Congressional Leaders Must Heed the Call to Justly Address the Climate Crisis
By Shweta Arya, John D. Sykes, Rev. Dr. John C. Helt, Mary Alice McKeen, Anita Fête Crews, Rev. Dr. Jim Antal, Rev. Dr. Ambrose F. Carroll, Dr. Gerald Durley, Rev Dr. Brooks Berndt, Rev. Amy Brooks Paradise, Rev. Dr. Jeremy Rutledge, and Rev. Michael Malcom
Caring for our planet and the people who inhabit it is at the core of our work. Many faith leaders, including Pope Francis, Ecumenical Patriarch Bartholomew, and Archbishop of Canterbury, Justin Welby have called for action against the existential threat of climate change, which will be disproportionately borne upon the poor and marginalized around the world. We must work together to confront this global crisis. Here in the U.S., we understand our obligation to stewardship, and have an opportunity to do something about it. We, leaders of 12 faith communities across the country, stand in solidarity with faith leaders who have called for a better world.
Right now, members of Congress are busy debating a massive budget reconciliation package that contains a multitude of provisions that, if passed, will impact every segment of our economy. Our concern as environmental justice and faith leaders, is that the climate change provisions are approved, and that they are done so through an equity and environmental justice lens.
We support the various clean energy tax credits and portions of the bill that will incentivize deployment of renewable energy assets around the country. However, our Congressional representatives must also ensure that these programs lead to just and equitable outcomes.
From an equity perspective, we must work to keep low income weatherization and energy efficiency programs in the budget package, as those are often the first to be cut when negotiations get tough. Paula Glover, President of Alliance to Save Energy, states that a focus on policy and legislation is a way to ensure that equity concerns are “baked into” the energy transition. We agree, and urgency is particularly high as members of Congress make their final amendments.
These programs will help our most vulnerable citizens. These same minority communities are already the most impacted by climate change, and we must do right by them. New research shows that in more than 70 percent of U.S. counties, low-income and non-white neighborhoods experience more extreme surface heat (what is often referred to as urban heat islands).
Historic red-lining has also led to many Black and Brown communities being forced to live in urban areas that lack green spaces and trees. This leads to more urban heat islands and can cause negative health consequences. Investments in weatherization in these communities can help ease the effects of extreme heat and lower energy burdens that force many Black and Brown families to make “heat or eat” decisions when putting food on their tables. These programs help to alleviate energy insecurity, which is a compounded stressor for many vulnerable households.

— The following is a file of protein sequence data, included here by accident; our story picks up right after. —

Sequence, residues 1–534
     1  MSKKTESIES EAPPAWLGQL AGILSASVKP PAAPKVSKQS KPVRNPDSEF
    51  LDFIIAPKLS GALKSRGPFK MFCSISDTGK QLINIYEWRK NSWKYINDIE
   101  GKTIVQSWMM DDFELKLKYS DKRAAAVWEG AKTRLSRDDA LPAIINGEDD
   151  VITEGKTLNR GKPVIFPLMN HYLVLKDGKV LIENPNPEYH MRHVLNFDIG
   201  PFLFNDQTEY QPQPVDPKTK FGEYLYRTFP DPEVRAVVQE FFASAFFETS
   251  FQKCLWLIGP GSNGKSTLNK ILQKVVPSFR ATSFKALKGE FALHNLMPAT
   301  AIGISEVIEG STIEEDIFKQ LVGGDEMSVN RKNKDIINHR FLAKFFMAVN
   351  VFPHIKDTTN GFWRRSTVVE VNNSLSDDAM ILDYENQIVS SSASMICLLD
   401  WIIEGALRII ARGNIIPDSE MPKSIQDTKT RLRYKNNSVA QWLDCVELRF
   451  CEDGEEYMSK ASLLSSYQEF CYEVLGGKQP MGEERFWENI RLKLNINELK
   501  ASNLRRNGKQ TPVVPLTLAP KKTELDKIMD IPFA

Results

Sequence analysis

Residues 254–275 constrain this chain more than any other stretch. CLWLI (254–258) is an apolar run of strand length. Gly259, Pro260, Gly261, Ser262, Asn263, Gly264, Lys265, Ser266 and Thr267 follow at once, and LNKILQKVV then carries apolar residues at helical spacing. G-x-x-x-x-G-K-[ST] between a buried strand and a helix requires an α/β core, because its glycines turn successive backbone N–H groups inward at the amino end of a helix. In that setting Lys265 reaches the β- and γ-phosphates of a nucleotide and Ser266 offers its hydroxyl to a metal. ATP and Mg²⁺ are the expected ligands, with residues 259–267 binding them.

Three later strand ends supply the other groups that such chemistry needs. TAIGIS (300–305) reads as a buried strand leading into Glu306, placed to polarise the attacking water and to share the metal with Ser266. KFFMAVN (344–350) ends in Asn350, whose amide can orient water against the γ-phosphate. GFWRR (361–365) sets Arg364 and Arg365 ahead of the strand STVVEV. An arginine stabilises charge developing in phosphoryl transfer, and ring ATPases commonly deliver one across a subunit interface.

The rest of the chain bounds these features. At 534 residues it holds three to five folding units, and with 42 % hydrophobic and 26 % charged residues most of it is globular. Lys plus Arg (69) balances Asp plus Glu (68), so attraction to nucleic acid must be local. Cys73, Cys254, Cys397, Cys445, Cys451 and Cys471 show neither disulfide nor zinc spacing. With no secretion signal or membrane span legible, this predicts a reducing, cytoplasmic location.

These communities should also be our first priority when it comes to distributing new renewable energy resources, such as solar. Although we know that the cost of solar panels has come down exponentially in recent years, like in many other areas of American society, disparities already exist in rooftop solar deployment across the U.S by race and ethnicity. In many cases, limited access to rooftop solar and other distributed energy resources, or ‘DERs’, also exacerbates existing inequalities among minority communities.
Weatherization and access to solar energy are not only beneficial to low-income and marginalized communities, but they are necessary for the salvation of our planet. Our elected officials must be driven by a moral compass that prioritizes conservation, compassion, and care for the health of our planet and its people — not profit.
We must act now to confront the climate crisis and rapidly transition our economy to clean energy. It is a moral imperative. The science is clear, as the latest IPCC report has shown. This is a code red for humanity. This is a crisis that must be met at scale with a holistic societal approach.
President Biden’s goal of directing 40 percent of the benefits in his original Build Back Better proposal to disadvantaged communities is commendable. It is a great start to repairing the historic harms done to communities of color. Now, it’s up to our Congressional leaders to make sure it remains in the final bill.
We are calling on Congress members to do what is right by their constituents, to address the climate crisis with the moral imperative it demands, and to always hold justice and equity as the lens through which their policy decisions are made. We simply cannot afford anything less.
Shweta Arya, Executive Director, Delaware Interfaith Power and Light
John D. Sykes, President, Delaware Interfaith Power and Light
Rev. Dr. John C. Helt, Co-Chair, Creation Care Team, Wisconsin Conference, United Church of Christ
Mary Alice McKeen, Alaska Interfaith Power and Light
Anita (Ani) Fête Crews, Blessed Tomorrow
Rev. Dr. Jim Antal, Special Advisor on Climate Justice to UCC, General Minister and President
Rev. Dr. Ambrose F. Carroll, Founder, Green the Church
Dr. Gerald Durley, Board Chair, Interfaith Power and Light
Rev Dr. Brooks Berndt, Environmental Justice Minister, United Church of Christ
Rev. Amy Brooks Paradise, Organizer, GreenFaith US
Rev. Dr. Jeremy Rutledge, Senior Pastor, Circular Congregational Church (UCC), Charleston, SC
Rev. Michael Malcom, The People’s Justice Council and Alabama Interfaith Power and Light